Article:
"Gimme" Proof Your Kids: How To Keep Your Child's Materialism In Check
It's the first day of the summer holiday. Five year-old Stephanie is shopping with you at Wal-Mart and picks out three stuffed animals that she saw in the movie Madagascar. "Oh Mom please! I want to bring Alex and Gloria and Melman to Kinder Gym with me!" she says and stomps off in disgust when you tell her she has to choose only one.
Your eight-year old, Alex, comes home from Summer Day Camp. "I need an iPod!" he declares, "Thomas has one and it's sweet!" Your first thought is, "What's an iPod?" Once Alex fills you in on the latest must-have gadget, you're floored by the ticket price and wonder why he needs one when he already has a walkman.
To top it off, your ten-year old, Tabitha, woke up this morning with a singular mission; to have pierced ears with diamond studs like her new best-friend Sarah by the end of the day, when last week she thought body piercings of any kind were gross. She has spent the entire day begging you to bring her to the Salon to get them pierced, ate her dinner in silence and retreated to her room to call Sarah and complain about how unfair her parents are.
You finish the day exhausted by the challenges of managing "gimme" requests from your children. Sitting down with your partner after the kids have been put to bed, you share your concerns about the day's events. You're both left wondering how your children became so materialistic, and worried that they are becoming followers rather than children who are secure in themselves and their values. A change is needed! But where to begin?
During the grade-school years, children grow more interested in the material world than they were back in kindergarten. Motivated by a combination of an increasing awareness of what other kids have and the desire to fit in by having the same things themselves, their acquisitiveness begins to become more apparent.
A child's age-appropriate progression from self-awareness to awareness of others is compounded by the society in which we live. We live in an age of affluence, at times one obsessed with status and possession. Evidenced by TV and other forms of media. One message is coming through loud and clear: You are what you buy and what you own. There's no doubt that it has become increasingly difficult to raise children in this world of materialism, distraction and temptation.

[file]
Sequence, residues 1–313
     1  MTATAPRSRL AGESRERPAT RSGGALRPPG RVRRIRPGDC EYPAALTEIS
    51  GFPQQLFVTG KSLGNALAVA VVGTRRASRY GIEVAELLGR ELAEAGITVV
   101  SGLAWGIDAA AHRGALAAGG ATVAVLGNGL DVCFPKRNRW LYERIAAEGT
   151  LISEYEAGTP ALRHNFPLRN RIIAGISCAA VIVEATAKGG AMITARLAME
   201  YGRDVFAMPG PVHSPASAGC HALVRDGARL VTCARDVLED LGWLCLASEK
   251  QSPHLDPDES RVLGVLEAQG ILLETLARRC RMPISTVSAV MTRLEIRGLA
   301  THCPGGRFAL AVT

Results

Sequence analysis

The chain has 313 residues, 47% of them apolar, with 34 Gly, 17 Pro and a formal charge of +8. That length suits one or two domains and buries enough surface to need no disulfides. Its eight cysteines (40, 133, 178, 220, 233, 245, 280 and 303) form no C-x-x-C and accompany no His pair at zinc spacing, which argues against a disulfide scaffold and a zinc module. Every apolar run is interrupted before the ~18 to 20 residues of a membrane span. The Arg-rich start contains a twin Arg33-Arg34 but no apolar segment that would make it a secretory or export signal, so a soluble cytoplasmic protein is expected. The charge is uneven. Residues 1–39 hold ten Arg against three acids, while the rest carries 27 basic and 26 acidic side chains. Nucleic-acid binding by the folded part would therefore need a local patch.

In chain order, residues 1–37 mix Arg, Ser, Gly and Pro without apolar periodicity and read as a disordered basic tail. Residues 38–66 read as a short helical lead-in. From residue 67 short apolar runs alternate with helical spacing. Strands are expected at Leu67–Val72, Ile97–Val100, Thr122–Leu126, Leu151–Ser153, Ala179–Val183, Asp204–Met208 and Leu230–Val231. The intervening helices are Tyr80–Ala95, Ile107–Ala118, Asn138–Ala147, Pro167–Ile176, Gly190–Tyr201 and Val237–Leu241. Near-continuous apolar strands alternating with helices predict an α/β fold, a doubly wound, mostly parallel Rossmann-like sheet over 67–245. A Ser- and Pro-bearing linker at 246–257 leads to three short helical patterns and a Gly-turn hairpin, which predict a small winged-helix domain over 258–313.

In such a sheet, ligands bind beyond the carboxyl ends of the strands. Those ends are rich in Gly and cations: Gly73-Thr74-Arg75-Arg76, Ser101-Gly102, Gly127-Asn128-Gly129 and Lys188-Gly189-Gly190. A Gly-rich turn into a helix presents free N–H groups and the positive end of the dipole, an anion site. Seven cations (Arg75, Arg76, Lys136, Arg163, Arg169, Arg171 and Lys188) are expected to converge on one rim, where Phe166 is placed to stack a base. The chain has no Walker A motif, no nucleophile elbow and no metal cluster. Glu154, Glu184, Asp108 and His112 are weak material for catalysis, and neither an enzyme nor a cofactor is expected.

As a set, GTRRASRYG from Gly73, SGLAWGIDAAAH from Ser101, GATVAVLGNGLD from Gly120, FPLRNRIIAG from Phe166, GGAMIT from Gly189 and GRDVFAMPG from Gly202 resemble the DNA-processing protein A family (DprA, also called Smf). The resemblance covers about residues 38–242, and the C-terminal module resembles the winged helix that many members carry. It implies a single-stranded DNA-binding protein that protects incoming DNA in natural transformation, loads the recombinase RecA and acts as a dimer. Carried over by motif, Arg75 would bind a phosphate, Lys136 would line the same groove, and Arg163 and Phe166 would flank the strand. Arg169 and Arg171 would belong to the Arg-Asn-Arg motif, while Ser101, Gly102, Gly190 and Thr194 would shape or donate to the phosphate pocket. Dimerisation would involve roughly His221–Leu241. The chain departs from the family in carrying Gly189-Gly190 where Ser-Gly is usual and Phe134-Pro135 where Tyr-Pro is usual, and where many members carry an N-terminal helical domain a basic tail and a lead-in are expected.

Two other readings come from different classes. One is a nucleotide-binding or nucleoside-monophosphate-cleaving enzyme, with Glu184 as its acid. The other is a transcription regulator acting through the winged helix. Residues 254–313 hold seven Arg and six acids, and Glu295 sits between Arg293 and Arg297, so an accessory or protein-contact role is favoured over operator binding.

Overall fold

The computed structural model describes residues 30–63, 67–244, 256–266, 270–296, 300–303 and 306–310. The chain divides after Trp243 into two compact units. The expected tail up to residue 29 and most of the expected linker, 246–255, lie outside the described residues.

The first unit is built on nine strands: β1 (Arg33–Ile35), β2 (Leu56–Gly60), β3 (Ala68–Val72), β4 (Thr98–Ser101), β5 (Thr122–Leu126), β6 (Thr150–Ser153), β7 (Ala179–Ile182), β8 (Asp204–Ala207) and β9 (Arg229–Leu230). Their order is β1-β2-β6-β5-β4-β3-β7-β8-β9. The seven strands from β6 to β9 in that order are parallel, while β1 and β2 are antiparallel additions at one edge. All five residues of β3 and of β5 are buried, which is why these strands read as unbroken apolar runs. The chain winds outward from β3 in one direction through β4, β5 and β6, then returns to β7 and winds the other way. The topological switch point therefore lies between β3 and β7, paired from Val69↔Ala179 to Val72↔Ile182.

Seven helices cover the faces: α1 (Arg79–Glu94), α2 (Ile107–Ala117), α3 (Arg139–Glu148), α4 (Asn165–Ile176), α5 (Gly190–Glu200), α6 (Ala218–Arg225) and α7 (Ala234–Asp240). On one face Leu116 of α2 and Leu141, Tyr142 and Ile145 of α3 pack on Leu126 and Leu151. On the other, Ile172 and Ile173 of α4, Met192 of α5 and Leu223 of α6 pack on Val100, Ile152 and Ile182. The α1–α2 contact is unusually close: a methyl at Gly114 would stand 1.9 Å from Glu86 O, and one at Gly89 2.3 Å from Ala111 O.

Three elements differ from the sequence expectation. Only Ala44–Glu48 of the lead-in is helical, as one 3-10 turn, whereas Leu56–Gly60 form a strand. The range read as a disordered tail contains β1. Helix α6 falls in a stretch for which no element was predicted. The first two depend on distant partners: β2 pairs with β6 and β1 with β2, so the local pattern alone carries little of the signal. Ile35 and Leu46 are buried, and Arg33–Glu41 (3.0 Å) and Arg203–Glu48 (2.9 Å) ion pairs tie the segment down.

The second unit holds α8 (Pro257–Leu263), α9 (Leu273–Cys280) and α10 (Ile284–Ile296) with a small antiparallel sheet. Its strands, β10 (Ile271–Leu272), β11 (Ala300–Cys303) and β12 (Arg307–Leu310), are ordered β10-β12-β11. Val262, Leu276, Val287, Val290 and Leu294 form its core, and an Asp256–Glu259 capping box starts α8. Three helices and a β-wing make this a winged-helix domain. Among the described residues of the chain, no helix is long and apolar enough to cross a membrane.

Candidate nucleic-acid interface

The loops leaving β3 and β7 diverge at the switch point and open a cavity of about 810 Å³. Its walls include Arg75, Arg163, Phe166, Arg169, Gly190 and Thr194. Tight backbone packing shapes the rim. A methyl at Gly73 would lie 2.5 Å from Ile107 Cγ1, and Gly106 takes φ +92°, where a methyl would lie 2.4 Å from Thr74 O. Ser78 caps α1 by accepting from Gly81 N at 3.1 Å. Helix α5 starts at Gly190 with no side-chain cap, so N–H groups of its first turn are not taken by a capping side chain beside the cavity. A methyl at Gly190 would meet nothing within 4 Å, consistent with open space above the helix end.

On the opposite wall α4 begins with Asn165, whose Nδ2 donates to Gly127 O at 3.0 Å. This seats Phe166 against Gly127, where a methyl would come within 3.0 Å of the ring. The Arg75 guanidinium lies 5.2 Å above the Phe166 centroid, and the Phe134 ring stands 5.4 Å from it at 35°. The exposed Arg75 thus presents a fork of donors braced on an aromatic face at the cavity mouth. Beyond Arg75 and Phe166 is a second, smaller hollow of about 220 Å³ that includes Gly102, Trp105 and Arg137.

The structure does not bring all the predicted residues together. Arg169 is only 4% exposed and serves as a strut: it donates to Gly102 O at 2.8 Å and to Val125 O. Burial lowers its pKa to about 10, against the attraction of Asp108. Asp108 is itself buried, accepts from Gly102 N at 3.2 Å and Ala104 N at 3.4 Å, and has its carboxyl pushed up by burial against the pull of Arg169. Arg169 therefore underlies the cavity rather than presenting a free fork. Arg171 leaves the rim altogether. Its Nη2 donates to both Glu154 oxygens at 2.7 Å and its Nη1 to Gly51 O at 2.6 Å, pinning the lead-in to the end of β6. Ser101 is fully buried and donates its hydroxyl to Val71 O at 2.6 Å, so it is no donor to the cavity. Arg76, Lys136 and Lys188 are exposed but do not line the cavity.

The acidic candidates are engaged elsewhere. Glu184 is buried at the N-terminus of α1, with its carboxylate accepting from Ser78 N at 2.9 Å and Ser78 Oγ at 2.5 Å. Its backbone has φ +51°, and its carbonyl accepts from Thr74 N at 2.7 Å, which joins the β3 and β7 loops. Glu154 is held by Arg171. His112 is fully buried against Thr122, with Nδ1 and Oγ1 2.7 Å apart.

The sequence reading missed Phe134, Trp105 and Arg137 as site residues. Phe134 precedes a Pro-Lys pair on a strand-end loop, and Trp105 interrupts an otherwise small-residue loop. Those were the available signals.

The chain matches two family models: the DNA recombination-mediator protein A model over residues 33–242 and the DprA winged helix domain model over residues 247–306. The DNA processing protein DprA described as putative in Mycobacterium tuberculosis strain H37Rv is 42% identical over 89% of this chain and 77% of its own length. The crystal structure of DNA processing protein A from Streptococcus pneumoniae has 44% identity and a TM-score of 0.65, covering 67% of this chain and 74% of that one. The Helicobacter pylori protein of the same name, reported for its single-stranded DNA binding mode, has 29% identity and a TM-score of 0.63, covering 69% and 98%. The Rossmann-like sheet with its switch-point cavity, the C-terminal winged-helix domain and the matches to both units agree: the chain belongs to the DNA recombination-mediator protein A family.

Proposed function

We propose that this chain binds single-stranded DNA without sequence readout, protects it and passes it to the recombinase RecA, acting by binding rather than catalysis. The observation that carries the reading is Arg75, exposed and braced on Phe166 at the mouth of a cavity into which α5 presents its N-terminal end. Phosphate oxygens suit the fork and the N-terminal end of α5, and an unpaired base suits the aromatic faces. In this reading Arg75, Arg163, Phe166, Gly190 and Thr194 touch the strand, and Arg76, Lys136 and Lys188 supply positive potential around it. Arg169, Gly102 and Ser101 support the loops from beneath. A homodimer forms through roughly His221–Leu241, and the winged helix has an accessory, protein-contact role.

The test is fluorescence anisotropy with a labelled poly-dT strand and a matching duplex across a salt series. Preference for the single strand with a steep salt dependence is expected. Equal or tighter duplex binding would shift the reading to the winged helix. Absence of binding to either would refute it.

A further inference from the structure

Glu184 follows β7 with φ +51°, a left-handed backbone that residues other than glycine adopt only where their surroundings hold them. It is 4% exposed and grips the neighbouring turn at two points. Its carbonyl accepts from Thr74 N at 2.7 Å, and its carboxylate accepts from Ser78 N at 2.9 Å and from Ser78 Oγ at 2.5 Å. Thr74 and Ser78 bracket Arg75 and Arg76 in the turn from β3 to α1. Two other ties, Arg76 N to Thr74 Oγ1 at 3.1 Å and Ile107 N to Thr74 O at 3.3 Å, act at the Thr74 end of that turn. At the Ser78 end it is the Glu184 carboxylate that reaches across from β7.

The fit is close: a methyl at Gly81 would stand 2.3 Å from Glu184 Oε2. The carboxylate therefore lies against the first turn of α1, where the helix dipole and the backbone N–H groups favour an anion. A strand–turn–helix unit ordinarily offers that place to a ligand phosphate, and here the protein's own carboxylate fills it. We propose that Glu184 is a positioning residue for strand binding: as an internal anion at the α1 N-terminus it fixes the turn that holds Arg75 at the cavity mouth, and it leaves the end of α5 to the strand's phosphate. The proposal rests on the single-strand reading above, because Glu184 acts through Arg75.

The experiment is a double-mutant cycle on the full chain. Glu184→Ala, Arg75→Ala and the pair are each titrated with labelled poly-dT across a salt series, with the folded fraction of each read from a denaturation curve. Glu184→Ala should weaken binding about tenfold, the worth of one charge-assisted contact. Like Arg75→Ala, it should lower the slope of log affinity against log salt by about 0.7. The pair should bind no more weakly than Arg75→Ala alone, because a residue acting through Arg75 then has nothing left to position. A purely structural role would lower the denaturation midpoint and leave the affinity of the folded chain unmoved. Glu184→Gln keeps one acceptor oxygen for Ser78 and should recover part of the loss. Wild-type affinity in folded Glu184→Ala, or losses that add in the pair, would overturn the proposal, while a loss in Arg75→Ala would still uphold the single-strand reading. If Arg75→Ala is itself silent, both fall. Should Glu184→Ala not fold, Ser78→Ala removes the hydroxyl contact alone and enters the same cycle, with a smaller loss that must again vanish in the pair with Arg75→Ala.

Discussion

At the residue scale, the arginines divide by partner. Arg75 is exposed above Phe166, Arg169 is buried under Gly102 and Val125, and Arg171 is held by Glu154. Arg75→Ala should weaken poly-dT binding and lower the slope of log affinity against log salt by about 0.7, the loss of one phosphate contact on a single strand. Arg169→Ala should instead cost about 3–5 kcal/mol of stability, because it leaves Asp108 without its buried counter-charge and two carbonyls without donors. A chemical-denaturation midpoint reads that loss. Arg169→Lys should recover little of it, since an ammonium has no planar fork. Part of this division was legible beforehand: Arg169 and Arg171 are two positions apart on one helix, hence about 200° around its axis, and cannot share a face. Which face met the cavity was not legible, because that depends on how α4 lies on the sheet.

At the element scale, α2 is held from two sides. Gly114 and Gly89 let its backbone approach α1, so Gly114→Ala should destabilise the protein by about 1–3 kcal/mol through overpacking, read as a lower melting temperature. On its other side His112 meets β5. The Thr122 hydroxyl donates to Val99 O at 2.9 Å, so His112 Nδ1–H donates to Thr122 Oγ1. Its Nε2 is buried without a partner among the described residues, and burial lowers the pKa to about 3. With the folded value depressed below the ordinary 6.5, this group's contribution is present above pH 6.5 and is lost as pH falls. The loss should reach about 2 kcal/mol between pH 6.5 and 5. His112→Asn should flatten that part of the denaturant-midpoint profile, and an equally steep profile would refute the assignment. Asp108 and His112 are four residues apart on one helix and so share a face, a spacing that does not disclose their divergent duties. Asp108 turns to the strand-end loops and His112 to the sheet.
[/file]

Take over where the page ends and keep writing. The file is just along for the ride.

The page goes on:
You can help keep your child's materialism in check by following these simple steps:
1) Back to Basics: Try to bring your parenting back to a basic level. No need to respond to the distractions that at times seem out of range on many levels and maybe out of your comfort zone.
2) Self-Awareness: Working along with your parenting partner, ensure agreed-upon family values, as well as the structures that support your beliefs.
3) Explore: Remember that the need your child may have for all these newest gadgets possibly camouflages a deeper problem.
4) Communicate: Discuss with your child the concept of earning, as well as alternative to their request. A less costly option may meet the need.
5) Don't fulfill every request: Children who get everything they ask for don't learn to handle disappointment, and they don't learn to work for the things they desire, or delay the need for gratification.
6) Spend time rather than money on your kids: It's not easy in our hectic lives to give children the time and attention they crave, but that's the best way to ward off the "gimmes."
Remember: No matter what your child says, he/she wants - and needs - a secure sense of family more than a roomful of possessions. There may be times when it's appropriate to fulfill a request and times when it's best to say no. You know your child best: listen, learn, teach and communicate in a respectful manner and do your best to focus your children on the lessons of giving as well as receiving.
ABOUT THE AUTHOR:
Dr. Charles Sophy, author of the "Keep 'Em Off My Couch" blog, provides real simple answers for solving life's biggest problems. He specializes in improving the mental health of children. To contact Dr. Sophy, visit his blog at http://drsophy.com.
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